Friends Playing on the Beach

*Adjust the volume of voices in your head so that the negatives are quiet and the positives are loud. Call upon the powerful inner you posvoiceto guide you forward. We cannot completely turn off any of the voices in our heads. Honestly, we need them all. However, we can control which ones we listen to the most and allow the most play-time in our minds. When we use the powerful inner you to guide us, then it is more than likely we will move in the direction that is best for us.

Although there is no right or wrong answer to how we go about our lives, there are better ways than others…. While it is sad to lose the talents and presence of Robin Williams, he could not find a better way to live with his depression.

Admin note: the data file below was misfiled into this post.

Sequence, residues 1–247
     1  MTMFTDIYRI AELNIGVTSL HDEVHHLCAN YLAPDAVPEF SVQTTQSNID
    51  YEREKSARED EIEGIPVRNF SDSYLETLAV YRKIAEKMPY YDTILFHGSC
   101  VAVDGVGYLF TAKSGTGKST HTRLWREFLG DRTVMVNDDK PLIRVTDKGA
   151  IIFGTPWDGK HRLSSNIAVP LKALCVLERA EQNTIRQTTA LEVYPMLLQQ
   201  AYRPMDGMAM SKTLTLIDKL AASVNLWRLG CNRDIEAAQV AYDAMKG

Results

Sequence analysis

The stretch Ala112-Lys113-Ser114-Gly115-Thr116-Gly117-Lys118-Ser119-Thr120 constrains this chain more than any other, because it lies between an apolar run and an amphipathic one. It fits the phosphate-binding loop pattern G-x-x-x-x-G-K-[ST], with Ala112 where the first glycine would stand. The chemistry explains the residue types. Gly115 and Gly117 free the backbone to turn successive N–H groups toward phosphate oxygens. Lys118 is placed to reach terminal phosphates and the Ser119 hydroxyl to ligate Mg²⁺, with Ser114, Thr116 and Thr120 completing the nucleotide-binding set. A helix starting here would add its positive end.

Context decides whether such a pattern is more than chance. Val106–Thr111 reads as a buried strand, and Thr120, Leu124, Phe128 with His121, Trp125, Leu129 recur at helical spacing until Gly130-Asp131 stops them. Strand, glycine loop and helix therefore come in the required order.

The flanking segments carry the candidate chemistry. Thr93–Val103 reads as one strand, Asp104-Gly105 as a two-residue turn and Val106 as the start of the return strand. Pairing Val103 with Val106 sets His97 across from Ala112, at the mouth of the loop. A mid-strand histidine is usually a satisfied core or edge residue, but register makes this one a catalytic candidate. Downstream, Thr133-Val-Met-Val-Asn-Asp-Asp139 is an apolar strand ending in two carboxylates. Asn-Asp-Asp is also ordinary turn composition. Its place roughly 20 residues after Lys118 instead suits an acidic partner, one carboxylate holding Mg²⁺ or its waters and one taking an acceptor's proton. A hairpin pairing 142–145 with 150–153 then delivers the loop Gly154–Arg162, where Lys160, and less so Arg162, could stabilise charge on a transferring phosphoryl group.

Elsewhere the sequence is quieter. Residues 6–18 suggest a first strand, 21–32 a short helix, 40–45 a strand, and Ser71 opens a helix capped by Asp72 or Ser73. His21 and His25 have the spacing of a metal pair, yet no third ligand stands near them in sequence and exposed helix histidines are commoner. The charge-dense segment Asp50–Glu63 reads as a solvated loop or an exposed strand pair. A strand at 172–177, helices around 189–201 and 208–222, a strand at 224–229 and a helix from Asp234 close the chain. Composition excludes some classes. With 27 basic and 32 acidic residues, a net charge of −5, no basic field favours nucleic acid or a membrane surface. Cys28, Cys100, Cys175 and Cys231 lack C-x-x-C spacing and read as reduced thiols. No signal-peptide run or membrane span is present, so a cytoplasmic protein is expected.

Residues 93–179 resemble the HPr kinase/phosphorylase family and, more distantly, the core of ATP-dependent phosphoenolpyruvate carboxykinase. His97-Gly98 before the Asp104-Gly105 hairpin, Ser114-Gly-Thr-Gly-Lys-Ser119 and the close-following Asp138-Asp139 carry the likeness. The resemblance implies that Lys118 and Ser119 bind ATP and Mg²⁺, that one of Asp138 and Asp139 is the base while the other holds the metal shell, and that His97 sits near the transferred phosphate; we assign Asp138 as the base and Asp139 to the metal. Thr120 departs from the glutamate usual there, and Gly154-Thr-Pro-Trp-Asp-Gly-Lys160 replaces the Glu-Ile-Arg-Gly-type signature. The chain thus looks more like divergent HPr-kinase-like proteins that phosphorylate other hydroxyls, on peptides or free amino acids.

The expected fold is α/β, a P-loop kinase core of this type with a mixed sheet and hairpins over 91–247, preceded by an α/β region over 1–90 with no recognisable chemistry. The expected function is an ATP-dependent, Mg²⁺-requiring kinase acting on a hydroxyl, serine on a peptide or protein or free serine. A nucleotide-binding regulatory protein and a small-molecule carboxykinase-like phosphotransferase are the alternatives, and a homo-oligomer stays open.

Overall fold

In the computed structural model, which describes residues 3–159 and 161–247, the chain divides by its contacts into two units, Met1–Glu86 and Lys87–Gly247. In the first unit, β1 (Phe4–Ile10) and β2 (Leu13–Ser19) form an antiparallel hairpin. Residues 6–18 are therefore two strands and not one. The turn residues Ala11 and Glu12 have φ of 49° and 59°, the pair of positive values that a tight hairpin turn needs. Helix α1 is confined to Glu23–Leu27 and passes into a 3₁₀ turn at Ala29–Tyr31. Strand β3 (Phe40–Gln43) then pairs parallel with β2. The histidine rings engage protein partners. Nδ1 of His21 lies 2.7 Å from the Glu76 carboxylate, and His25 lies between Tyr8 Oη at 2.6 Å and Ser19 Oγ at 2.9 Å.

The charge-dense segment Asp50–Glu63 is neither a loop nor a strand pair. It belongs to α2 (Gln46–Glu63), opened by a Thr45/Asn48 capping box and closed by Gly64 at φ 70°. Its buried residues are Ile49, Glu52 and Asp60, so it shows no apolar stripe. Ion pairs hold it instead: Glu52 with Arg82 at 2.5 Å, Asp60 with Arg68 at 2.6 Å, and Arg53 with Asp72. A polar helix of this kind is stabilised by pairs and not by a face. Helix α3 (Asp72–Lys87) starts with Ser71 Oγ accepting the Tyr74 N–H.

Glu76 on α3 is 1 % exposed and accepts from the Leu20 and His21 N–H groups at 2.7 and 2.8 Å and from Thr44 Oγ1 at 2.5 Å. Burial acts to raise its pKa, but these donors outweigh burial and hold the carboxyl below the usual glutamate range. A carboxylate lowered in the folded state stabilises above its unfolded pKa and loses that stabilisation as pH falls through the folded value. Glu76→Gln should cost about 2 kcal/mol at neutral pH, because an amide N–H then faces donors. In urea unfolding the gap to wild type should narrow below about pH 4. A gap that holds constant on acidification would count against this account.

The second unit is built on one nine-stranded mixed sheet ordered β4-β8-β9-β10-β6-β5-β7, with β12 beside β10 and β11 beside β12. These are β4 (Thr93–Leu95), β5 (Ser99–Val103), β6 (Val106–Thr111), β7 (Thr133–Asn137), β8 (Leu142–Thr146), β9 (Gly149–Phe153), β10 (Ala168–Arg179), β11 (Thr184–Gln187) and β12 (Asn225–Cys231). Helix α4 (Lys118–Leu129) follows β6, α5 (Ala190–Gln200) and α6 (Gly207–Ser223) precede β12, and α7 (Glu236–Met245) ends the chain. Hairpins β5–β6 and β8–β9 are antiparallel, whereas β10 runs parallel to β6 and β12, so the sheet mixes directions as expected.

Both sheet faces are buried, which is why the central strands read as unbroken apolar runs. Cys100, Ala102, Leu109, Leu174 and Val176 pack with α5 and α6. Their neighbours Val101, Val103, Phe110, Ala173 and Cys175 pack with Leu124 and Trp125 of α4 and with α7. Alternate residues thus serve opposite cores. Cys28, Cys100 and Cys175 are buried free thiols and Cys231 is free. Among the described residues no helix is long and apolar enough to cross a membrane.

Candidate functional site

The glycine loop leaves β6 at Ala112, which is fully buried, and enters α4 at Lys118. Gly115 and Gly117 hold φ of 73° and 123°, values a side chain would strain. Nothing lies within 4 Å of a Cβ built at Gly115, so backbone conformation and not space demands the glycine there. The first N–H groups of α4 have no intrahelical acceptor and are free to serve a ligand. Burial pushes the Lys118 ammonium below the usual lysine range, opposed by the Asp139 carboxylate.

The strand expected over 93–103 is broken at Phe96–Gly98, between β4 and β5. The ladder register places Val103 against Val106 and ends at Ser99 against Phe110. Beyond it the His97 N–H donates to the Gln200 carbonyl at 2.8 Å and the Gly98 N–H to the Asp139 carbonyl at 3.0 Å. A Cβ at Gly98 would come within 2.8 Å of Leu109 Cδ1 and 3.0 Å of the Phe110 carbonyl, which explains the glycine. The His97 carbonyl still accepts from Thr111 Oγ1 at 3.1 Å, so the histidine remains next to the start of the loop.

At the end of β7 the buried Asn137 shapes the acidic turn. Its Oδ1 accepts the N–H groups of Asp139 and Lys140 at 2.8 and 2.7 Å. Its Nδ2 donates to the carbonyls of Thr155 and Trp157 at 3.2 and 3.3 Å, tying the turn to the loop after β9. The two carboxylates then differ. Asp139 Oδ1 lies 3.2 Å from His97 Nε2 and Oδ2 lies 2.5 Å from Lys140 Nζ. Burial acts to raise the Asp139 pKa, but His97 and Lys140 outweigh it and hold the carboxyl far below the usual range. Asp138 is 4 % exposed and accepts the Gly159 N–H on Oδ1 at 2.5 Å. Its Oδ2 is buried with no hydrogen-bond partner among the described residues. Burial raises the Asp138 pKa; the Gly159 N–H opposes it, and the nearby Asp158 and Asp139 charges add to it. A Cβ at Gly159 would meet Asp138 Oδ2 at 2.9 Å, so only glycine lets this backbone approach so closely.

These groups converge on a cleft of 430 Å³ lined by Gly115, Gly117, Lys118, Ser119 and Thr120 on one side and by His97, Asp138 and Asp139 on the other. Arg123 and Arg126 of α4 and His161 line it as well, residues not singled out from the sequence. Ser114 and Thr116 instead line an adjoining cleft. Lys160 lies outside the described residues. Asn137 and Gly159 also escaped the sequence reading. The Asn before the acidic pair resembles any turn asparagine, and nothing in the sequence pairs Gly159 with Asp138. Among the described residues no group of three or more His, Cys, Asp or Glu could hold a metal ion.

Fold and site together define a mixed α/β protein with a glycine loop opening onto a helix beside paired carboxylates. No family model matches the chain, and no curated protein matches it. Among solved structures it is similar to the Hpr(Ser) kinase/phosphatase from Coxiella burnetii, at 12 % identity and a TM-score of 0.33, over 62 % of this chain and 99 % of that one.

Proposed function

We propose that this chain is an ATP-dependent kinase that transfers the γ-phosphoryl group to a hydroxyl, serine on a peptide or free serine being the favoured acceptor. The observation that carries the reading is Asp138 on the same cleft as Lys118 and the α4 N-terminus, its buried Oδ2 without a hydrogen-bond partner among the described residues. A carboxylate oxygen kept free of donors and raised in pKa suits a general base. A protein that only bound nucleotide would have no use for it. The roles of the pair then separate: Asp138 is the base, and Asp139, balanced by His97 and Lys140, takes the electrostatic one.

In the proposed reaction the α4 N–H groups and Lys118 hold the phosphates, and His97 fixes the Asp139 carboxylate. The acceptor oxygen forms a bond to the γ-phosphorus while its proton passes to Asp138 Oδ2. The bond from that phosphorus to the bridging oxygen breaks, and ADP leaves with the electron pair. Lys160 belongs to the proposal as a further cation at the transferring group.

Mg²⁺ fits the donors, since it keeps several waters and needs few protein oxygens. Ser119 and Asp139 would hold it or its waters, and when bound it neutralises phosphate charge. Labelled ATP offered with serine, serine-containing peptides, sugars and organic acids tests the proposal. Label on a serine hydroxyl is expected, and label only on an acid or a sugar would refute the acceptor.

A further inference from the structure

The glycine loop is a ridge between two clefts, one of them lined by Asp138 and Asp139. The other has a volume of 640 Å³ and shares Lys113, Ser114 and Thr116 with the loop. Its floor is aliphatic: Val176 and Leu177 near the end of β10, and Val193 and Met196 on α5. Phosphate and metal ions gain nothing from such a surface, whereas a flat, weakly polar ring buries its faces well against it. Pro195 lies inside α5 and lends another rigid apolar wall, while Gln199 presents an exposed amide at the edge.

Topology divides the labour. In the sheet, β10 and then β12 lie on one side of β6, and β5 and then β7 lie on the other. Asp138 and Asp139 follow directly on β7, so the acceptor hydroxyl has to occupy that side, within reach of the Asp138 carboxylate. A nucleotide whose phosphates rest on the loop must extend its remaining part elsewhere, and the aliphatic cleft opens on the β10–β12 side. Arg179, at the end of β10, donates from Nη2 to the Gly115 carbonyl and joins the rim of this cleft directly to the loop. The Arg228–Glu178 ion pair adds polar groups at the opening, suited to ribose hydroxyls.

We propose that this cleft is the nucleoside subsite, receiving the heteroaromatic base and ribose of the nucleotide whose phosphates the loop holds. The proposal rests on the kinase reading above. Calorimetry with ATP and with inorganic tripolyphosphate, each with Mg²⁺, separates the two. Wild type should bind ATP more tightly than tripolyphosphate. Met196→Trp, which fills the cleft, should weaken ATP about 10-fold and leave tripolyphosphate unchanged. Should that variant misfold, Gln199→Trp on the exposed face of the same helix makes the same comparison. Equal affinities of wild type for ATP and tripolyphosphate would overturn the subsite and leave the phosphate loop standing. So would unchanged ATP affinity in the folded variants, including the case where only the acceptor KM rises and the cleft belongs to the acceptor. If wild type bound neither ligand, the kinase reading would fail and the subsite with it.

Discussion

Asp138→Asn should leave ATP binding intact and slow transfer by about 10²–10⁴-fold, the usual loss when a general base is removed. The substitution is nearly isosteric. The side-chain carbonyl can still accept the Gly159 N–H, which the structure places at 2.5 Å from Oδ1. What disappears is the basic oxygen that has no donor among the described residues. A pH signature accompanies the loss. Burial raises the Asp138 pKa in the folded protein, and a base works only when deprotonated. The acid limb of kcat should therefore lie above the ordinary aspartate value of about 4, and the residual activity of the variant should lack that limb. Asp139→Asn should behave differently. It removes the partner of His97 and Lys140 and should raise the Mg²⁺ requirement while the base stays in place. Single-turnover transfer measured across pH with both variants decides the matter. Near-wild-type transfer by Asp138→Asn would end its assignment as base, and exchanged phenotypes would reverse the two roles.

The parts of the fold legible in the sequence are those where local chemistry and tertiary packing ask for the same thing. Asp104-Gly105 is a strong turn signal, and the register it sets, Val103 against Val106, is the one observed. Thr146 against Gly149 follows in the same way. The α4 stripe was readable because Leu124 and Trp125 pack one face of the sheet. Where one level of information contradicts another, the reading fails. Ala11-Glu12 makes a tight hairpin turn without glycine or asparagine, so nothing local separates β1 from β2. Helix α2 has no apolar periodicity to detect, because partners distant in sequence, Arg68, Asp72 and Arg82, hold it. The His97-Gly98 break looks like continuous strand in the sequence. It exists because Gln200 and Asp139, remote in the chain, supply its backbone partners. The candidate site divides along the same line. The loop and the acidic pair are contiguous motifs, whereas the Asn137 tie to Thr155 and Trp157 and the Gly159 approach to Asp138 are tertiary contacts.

Wouldn’t it be great if we could avoid any more such losses in the future?

-The Universal Asian

The “Inner” You

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The captain of a sailing vessel must know where he is heading and have both the confidence and knowledge to know how to get there. There cannot be any doubt or fear of the unknown. He must have the determination to carry on towards his destination.

We all have an inner ‘captain’ that guides our lives. Many times we lose touch with him or her and get lost in the sea of life. However, when we discover or reconnect with the part of us that is confident and knowledgeable on how to get where we want to go, then all fear and doubt will fall away.

Are you willing to find your inner self and let that be your true guide in life?

-The Universal Asian

On Being Asian in the UAE